|Vol. 21, No. 18||October 1, 1999|
New Drug for Brain Cancer May Prolong Life and Reduce Side Effects
by MICHAEL COURTNEY
The University of Texas M. D. Anderson Cancer Center
Studies indicate a drug for adults with a fatal form of brain cancer reportedly prolongs life with few side effects, say researchers at The University of Texas M. D. Anderson Cancer Center.
The medical study showing the new drug prolonged life for individuals diagnosed with anaplastic astrocytoma on average by eight months was published in the September issue of the Journal of Clinical Oncology.
The findings led to accelerated approval of the drug, known chemically as temozolomide, by the U.S. Food and Drug Administration (FDA) Aug. 12. It was the first time in more than 20 years any new drug has been approved for adults with anaplastic astrocytoma who previously failed standard therapies, including radiation therapy and chemotherapy.
"This research represents an important new treatment option in recurrent anaplastic astrocytoma, one of the most serious and aggressive types of malignant brain tumors," says Dr. W.K. Alfred Yung, chairman of the department of neuro-oncology at M. D. Anderson and lead investigator of the international study. "It is especially convenient because it is in the form of a capsule, enabling the patients to take the medication in the comfort of their homes instead of at doctors' offices or hospitals where intravenous chemotherapy treatments normally are administered."
The drug was tested among 111 patients at 32 medical institutions in the United States, Canada and Europe. The average life span for patients who fail traditional radiation therapy and chemotherapy treatment is about six months, Dr. Yung explains. But for the patients in the study, it was 14.5 months.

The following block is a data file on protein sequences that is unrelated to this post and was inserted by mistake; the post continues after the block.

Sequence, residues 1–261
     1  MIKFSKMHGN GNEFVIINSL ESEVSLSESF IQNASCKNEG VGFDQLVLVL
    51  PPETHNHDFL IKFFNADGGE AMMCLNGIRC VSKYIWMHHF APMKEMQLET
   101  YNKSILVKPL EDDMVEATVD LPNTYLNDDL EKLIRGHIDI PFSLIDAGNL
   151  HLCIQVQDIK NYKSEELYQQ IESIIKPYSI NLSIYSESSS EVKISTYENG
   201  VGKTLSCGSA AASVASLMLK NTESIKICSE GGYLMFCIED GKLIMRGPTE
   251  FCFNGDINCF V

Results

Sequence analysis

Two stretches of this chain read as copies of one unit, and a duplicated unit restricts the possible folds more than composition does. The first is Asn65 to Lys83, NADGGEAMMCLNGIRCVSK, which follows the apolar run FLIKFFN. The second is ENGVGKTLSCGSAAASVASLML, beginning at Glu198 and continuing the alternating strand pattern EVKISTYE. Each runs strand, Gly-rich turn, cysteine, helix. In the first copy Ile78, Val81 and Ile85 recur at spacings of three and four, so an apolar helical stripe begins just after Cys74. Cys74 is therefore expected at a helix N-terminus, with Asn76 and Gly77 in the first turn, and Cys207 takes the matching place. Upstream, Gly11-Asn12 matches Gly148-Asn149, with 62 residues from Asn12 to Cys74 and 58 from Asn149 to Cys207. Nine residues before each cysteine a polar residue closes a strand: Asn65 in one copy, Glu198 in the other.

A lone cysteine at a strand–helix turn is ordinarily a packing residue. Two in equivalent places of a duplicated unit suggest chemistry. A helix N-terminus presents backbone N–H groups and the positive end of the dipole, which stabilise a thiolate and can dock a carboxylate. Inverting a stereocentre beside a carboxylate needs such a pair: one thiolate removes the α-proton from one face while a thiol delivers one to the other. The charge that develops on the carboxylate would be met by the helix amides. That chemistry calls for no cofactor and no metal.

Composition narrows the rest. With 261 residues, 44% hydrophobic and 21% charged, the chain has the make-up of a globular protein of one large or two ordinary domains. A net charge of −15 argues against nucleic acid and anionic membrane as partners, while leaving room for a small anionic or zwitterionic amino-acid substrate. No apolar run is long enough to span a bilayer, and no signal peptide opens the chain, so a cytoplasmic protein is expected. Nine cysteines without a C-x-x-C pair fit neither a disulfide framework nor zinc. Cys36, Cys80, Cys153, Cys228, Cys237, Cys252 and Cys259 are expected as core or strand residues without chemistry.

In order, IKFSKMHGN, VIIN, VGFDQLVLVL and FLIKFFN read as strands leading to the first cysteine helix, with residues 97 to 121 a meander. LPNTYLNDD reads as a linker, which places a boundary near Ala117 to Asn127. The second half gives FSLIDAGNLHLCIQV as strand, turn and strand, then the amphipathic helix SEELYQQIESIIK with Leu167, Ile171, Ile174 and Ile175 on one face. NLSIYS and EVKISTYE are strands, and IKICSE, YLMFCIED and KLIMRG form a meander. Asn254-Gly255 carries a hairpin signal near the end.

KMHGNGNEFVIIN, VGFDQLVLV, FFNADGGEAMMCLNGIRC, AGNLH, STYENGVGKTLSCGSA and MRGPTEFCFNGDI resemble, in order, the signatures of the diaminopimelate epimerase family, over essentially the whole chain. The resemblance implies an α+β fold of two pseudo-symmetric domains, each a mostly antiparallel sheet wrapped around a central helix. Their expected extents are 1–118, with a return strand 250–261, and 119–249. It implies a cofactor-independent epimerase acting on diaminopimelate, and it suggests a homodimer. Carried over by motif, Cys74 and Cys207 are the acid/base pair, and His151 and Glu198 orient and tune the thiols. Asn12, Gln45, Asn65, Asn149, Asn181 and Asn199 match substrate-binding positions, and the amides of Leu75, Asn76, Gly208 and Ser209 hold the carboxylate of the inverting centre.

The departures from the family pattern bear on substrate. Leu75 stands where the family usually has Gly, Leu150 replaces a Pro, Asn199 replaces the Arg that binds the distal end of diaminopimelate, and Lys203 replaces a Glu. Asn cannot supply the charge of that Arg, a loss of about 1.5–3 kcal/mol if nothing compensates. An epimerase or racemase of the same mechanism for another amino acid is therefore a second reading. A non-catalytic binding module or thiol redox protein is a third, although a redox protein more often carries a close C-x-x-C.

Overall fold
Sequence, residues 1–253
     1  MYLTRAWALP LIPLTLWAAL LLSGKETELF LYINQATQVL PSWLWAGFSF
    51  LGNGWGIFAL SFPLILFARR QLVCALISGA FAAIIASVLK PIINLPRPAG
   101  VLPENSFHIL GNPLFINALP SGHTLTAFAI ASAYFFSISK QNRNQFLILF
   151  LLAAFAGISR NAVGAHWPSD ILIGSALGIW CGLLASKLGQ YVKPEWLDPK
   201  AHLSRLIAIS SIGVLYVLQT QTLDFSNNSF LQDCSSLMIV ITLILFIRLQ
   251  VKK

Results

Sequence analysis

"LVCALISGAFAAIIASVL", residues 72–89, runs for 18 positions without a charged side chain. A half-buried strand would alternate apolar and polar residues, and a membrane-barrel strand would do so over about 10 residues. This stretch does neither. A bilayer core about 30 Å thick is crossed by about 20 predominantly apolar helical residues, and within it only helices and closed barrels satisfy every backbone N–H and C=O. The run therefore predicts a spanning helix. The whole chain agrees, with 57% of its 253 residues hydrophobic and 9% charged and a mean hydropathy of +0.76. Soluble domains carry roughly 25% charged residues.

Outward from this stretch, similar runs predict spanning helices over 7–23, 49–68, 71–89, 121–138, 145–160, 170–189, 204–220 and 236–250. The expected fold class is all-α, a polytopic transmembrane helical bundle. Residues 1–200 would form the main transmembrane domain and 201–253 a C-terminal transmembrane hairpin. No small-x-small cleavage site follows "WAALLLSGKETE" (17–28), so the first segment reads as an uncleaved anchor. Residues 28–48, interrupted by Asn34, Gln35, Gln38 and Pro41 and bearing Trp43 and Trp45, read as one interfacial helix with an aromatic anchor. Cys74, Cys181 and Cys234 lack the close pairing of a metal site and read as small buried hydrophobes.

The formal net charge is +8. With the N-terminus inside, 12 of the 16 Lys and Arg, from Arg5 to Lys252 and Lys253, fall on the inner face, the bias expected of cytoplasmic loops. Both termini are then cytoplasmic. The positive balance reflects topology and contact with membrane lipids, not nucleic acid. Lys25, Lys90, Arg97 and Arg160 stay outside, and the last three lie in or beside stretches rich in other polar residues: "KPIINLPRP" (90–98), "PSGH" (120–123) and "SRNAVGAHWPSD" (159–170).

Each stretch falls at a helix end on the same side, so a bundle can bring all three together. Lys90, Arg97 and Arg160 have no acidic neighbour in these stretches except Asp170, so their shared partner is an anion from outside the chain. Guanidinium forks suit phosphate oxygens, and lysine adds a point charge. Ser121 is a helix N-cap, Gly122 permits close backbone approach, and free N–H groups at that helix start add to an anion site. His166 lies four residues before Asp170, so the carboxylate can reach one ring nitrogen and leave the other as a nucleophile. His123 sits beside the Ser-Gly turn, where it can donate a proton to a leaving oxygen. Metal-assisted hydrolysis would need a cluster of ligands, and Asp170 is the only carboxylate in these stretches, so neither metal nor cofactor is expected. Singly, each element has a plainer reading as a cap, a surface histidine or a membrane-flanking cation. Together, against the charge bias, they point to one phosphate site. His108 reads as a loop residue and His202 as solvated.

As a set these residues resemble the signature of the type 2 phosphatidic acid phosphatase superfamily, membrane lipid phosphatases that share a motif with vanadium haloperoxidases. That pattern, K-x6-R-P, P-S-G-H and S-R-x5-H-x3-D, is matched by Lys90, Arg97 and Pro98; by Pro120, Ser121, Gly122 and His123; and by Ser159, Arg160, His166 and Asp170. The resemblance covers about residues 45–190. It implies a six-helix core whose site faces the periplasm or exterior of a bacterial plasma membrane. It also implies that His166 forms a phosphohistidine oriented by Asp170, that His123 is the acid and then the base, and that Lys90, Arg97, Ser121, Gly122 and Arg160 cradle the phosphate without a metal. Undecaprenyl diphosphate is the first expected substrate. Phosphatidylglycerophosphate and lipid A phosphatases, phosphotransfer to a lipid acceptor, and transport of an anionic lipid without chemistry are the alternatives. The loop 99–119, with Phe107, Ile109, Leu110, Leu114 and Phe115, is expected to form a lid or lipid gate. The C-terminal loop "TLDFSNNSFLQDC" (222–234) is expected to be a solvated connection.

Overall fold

"This is quite significant, considering that it has been more than 20 years since we've found a drug that creates any response," he says. "For many patients, one more month, two more, or three more months of life means a lot. Future research will focus on using the drug in combination with other agents for possibly even better outcomes," he says.
Dr. Yung points out that more than 5,000 individuals in the United States, about 60 percent male, are expected to be diagnosed with anaplastic astrocytomas this year. The median survival rate for these individuals following diagnosis is 3.5 years.
All of the patients evaluated in the study had failed conventional therapies. All had previously received radiation therapy, and 60 percent also received chemotherapy. In addition, 18 percent of the patients had recurrent tumors surgically removed as part of their treatment.
In the study, the patients took one or more capsules of temozolomide on a daily basis five days a week for as long as their tumors were shrinking, or in regression, but no longer than two years. Dosage was determined by individual body weight. Tumor regression or progression was monitored with magnetic resonance imaging (MRI) technology.
Dr. Yung notes that patients on the medication had few side effects while on the drug. About half of the patients in the study experienced "mild to moderate" side effects, including nausea, constipation and vomiting.
The Schering-Plough pharmaceutical company produces the drug, known commercially as Temodar. The corporation also funded the study leading to accelerated FDA approval of Temodar.
©2006 Texas Medical Center